AUTHORS: Sirini Withana – Patrick ten Brink – Paolo Razzini – Elizabeth van Dijl – Emma Watkins – Robin Vanner – Martha Bicket – Mathieu Hestin – Adrian Tan – Sarah Guilcher – Christian Hudson
In contrast to a traditional ‘take-make-use-dispose’ linear economy, a circular economy envisages a deep transformation of production chains and consumption patterns to keep materials circulating in the economy for longer, re-designing industrial systems and encouraging cascading use of materials and waste. It goes beyond the pursuit of waste prevention and waste reduction to inspire technological, organisational and social innovation across and within value chains. While there are a range of policies and measures already in place and initiatives underway that address part of the circular economy; there remain untapped opportunities, costs to be avoided and obstacles to be addressed to accelerate the transition in the EU.
Against this backdrop, DG Environment launched a scoping study to identify potential circular economy actions, priority sectors, material flows & value chains. The study was carried out by the Policy Studies Institute (PSI), Institute for European Environmental Policy (IEEP), BIO and Ecologic Institute between November 2013 and July 2014. The aim of the study was to provide an initial scoping assessment of potential priorities and policy options to support the transition to a circular economy in the EU. The study reviewed existing literature, identified potential priority areas for action where accelerating the circular economy would be beneficial and where EU policy has a particular role to play, and developed potential policy options for consideration across a range of areas which could be explored in further detail in the future.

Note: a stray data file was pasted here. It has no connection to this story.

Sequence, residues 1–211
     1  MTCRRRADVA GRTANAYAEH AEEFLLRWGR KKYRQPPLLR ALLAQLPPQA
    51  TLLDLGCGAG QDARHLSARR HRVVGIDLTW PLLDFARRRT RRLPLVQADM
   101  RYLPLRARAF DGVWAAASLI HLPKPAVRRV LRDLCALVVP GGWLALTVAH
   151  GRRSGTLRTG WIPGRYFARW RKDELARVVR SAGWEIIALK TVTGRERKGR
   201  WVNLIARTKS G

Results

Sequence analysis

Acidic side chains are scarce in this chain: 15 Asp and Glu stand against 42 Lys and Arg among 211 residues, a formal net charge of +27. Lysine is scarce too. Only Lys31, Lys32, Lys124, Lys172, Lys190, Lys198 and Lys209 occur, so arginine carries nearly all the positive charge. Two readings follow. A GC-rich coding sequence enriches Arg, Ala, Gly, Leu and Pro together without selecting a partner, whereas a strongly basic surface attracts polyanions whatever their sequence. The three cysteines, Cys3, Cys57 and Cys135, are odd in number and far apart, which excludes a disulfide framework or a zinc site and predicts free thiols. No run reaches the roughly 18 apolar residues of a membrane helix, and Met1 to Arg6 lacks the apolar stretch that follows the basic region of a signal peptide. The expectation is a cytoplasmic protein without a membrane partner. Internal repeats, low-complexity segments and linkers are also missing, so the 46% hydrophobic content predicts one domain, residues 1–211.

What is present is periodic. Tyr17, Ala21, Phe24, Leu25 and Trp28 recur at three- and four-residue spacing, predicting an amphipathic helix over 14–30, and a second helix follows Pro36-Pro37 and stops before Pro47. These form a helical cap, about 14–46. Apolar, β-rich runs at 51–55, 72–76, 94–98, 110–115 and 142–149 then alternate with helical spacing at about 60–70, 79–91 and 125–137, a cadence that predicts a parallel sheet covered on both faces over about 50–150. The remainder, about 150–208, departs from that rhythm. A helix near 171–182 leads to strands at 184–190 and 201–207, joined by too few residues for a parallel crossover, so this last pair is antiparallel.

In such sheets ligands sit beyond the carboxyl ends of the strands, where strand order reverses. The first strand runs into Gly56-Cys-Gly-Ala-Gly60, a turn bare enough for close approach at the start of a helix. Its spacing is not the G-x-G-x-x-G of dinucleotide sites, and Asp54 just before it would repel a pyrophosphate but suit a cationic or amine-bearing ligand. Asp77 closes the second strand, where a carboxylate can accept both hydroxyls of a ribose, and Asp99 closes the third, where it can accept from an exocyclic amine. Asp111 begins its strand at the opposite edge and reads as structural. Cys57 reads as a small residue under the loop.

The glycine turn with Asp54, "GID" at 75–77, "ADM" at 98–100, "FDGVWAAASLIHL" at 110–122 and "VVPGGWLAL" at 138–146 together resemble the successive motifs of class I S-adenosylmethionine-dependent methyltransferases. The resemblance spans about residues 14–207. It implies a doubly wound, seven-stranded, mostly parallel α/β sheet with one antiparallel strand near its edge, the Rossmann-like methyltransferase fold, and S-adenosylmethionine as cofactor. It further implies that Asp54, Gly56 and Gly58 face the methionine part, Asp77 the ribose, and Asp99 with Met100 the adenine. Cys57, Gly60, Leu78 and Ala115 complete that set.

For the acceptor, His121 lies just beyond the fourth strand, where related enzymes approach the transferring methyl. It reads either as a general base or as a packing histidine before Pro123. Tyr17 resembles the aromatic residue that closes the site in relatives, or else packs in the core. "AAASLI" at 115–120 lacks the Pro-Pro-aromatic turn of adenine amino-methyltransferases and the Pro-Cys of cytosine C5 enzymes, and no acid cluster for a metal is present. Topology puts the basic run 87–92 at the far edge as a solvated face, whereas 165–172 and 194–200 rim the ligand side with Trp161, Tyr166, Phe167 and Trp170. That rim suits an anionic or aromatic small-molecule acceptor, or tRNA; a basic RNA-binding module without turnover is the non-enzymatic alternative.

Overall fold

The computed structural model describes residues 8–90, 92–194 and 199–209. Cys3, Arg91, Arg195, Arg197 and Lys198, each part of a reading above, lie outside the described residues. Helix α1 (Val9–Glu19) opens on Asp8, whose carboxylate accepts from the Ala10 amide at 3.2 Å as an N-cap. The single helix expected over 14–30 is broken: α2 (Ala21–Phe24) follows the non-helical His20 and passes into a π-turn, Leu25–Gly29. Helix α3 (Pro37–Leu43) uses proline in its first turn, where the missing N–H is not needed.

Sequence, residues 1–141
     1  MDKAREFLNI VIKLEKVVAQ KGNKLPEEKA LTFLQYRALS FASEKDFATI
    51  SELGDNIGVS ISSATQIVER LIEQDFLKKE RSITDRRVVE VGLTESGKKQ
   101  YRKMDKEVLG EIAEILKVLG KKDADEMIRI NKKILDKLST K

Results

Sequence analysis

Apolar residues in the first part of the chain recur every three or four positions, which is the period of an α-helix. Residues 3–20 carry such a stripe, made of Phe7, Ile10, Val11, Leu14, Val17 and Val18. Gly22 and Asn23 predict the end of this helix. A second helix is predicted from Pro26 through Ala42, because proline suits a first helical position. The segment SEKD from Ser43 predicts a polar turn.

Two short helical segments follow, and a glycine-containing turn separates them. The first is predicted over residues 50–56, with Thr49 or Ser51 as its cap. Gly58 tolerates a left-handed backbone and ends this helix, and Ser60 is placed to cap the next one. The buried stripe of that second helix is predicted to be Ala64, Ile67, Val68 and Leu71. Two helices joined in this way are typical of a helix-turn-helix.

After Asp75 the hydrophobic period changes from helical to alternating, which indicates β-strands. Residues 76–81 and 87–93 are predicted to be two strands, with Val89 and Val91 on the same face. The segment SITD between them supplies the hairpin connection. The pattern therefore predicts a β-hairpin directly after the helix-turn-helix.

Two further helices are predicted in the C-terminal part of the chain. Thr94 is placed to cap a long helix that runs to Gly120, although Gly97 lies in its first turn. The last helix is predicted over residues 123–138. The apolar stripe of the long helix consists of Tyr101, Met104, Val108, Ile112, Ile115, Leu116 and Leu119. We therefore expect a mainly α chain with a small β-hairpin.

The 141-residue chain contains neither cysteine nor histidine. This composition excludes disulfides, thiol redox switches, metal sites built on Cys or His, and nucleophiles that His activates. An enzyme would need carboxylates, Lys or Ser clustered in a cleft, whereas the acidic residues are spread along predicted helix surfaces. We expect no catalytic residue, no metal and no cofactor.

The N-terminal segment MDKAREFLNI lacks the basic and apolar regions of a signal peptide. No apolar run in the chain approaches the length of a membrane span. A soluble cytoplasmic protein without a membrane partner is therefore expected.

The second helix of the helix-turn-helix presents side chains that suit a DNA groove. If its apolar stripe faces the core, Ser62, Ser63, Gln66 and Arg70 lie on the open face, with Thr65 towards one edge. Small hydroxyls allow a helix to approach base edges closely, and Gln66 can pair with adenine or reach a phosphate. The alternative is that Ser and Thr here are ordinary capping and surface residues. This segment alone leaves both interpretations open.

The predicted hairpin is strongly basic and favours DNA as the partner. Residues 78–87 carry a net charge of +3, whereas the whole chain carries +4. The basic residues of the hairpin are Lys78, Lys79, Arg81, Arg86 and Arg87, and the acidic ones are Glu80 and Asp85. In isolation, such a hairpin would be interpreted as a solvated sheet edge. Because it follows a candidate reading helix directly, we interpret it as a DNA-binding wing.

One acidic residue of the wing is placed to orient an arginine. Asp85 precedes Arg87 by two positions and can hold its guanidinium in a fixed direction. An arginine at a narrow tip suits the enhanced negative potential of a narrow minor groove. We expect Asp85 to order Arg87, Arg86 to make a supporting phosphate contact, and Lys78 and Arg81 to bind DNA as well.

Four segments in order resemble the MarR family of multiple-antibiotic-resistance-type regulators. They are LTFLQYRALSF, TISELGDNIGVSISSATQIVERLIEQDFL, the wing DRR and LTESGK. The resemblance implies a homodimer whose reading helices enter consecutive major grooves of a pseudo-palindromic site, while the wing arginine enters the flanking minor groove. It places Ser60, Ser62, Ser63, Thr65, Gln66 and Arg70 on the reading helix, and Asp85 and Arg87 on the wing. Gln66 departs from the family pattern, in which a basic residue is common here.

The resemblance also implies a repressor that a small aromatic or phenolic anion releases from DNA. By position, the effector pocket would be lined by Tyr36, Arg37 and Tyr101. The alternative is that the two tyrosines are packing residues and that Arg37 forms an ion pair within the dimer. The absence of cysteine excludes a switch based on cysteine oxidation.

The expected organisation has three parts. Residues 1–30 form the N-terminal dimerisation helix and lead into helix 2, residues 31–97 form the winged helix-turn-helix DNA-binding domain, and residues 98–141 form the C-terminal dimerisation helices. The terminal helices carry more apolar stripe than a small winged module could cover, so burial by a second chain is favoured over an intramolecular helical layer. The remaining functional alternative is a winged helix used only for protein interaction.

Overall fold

The study finds that the transition to a circular economy requires systemic change and a more holistic, integrated approach which takes into account the myriad of inter-linkages within and between sectors, within and across value chains and between actors. Such an approach requires a mix of complementary instruments and approaches which can be taken forward by actors at different levels, including regulatory measures, economic incentives, targeted and increased funding, efforts to engage and link actors along the value chain and initiatives to raise awareness of the benefits of the circular economy and available solutions. This needs to take into account the value chain structure, the business case for circularity and the need for policy intervention which varies considerably across different firms, sectors, products and value chains. The recently published circular economy package from the Commission can be a useful framework for taking forward EU initiatives in this area, engaging a range of stakeholders across sectors, value chains and countries both within the EU and internationally.